United Plant Savers preserves and restores wild medicinal plants | PCC Natural Markets

United Plant Savers preserves and restores wild medicinal plants

Sound Consumer | January 2002

by Nancy Schatz Alton, PCC Guest Editor

When herbalists Beth Baugh and Christopher Hobbs moved onto 20 acres of forest in Williams, Oregon, they sought to make their land a legacy. They applied for Botanical Sanctuary status through United Plant Savers (UpS), a non-profit grass roots organization whose mission is to preserve, conserve and restore native medicinal plants and their habitats in the United States and Canada.

In 1994, UpS was started by herbalists who realized that plants used for medicine face two major threats: loss of habitat, and over-harvesting due to the rapid growth of the natural products industry. UpS hopes the city gardens, organic farms and wild spaces that are becoming members of its Botanical Sanctuary Network will serve as rich depositories of North American medicinal plants.

Baugh and Hobbs call their land and sanctuary "Living Farmacy." Hobbs' herbal medicine students complete internships on the property, spending one weekend a month here for eight months. As herbalists for more than 20 years — they have published more than 20 books on the subject — turning their land into a UpS sanctuary made perfect sense to the couple. "In the overall picture, we want the medicinal plants to be saved all across the U.S., which is really UpS' goal," says Baugh. "However we can work locally benefits the good of that whole cause."

Creating a network of sanctuaries is just one of UpS' goals. It sees itself as an educational outreach program. The organization publishes lists of "At Risk" and "To Watch" plants — medicinal plants that are in decline in their natural environs (see sidebar). Any- one can become a UpS member. The membership fee includes a semi-annual newsletter, opportunities to receive free seeds and plants for replanting purposes, a directory of nurseries that supply At Risk plants and UpS conference discounts. UpS has also purchased a 370-acre research farm in Ohio.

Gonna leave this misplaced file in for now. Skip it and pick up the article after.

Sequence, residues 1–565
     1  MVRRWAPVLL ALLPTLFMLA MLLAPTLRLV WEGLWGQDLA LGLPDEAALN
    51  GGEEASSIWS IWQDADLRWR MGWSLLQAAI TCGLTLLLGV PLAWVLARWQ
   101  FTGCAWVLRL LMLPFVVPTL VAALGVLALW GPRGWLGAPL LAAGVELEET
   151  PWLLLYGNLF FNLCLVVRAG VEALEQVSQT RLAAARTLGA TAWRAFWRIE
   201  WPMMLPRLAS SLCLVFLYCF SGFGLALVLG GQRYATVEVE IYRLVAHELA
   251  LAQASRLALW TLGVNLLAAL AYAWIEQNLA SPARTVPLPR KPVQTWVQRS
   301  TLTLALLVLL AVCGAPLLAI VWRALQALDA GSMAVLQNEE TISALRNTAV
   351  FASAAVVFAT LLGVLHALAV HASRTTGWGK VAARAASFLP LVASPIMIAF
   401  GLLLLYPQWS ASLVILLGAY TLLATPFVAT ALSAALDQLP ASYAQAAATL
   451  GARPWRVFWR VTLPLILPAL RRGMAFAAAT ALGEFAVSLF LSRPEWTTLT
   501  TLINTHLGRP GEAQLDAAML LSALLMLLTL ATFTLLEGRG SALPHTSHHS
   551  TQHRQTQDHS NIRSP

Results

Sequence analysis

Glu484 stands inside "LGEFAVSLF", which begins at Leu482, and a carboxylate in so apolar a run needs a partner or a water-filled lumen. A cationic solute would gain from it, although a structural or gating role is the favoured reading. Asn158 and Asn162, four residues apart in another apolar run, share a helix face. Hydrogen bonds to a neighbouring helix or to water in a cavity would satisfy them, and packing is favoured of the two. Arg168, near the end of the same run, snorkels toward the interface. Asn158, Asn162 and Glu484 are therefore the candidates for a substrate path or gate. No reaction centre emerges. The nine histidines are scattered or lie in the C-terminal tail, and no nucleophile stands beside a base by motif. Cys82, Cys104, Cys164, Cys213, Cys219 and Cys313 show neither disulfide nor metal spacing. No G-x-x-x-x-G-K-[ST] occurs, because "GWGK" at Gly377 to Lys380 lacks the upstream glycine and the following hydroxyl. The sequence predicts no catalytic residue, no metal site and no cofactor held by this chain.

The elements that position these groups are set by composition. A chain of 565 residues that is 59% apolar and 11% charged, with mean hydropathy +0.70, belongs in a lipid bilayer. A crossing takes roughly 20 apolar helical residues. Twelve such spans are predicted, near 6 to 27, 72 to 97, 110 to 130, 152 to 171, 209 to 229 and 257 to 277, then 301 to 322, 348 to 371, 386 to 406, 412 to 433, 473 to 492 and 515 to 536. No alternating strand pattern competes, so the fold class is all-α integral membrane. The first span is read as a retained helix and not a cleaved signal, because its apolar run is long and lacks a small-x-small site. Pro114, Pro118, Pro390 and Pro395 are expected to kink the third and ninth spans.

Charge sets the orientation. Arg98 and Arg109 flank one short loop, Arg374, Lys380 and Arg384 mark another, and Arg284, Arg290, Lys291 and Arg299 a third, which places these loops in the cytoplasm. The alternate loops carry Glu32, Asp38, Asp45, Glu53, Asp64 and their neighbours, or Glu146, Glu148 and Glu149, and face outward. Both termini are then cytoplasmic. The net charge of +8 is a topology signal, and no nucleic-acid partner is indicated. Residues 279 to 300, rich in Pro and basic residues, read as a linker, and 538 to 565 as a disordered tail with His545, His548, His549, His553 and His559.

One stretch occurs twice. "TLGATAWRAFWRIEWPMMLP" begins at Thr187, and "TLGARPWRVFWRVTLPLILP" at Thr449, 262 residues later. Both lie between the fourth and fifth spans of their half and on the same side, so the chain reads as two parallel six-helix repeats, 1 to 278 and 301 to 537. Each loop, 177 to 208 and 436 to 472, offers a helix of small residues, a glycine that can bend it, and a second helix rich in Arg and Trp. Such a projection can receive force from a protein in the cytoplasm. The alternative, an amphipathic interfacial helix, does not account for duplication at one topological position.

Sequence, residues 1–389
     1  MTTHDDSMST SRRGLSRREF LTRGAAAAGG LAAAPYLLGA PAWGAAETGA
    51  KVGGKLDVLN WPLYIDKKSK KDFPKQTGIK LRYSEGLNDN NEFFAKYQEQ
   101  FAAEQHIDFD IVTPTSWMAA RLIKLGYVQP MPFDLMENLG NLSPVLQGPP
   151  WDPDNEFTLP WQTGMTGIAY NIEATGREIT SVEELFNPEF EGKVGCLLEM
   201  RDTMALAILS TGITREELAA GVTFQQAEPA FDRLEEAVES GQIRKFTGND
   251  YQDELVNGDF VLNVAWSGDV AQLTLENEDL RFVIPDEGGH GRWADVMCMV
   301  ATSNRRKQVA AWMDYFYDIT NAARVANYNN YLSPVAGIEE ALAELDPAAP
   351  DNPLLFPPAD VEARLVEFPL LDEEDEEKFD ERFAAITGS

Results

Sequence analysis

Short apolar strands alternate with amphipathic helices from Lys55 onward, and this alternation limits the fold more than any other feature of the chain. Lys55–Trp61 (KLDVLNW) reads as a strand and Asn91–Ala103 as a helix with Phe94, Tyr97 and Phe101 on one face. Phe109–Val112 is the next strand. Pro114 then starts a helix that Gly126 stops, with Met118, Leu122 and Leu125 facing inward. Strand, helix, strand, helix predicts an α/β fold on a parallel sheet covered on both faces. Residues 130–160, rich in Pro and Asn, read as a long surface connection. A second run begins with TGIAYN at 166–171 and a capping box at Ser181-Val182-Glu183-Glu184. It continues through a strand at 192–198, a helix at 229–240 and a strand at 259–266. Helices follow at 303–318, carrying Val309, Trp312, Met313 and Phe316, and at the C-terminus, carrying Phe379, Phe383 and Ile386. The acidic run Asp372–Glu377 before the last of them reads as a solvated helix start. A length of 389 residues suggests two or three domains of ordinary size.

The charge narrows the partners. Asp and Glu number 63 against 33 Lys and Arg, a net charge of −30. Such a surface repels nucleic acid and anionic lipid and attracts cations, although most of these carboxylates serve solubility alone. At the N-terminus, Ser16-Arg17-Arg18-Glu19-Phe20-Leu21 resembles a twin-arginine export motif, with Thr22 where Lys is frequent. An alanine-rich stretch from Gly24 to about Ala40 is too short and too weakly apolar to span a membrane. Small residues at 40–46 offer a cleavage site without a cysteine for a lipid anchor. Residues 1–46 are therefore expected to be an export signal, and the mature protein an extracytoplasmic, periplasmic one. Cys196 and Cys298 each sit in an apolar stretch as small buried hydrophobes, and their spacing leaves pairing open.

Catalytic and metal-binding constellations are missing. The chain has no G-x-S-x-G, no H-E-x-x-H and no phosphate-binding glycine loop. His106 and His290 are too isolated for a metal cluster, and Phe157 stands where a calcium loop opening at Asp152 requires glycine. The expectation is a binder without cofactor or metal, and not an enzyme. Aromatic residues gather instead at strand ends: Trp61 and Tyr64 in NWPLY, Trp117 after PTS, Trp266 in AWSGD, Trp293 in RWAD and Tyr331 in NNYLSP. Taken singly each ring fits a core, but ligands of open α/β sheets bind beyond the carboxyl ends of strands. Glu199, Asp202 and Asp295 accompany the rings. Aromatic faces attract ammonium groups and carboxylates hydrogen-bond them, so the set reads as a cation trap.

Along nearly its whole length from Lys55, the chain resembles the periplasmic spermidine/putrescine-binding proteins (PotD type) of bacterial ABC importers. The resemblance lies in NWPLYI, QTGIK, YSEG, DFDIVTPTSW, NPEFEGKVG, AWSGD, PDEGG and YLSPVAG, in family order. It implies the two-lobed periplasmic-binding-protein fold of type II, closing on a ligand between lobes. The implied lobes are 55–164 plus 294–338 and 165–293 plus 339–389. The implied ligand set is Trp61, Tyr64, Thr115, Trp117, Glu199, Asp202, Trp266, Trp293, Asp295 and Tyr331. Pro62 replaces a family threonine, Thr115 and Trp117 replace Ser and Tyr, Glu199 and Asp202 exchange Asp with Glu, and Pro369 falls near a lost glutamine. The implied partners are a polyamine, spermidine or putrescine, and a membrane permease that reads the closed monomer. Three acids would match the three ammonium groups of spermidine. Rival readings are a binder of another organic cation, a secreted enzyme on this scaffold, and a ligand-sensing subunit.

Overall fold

UpS Executive Director Richard Liebmann believes the organization's main task is to help people form relationships with herbs. "Growing what you need and using what's in your area, that's how its been, traditionally, with humans, up until two or three generations ago," Liebmann says. "Grow a rosemary plant in a pot, learn about it, use it in cooking or when you have a health problem it might help. That relationship is important."

Besides joining UpS, consumers can buy organically cultivated herbs, which, Liebmann says, help to protect herbs. Or citizens can sponsor a UpS planting project. For example, UpS will work with a school group to plant a native medicinal herb garden. To become a member or for more information, call 740-662-0041, log on to www.plantsavers.org or email info@plantsavers.org.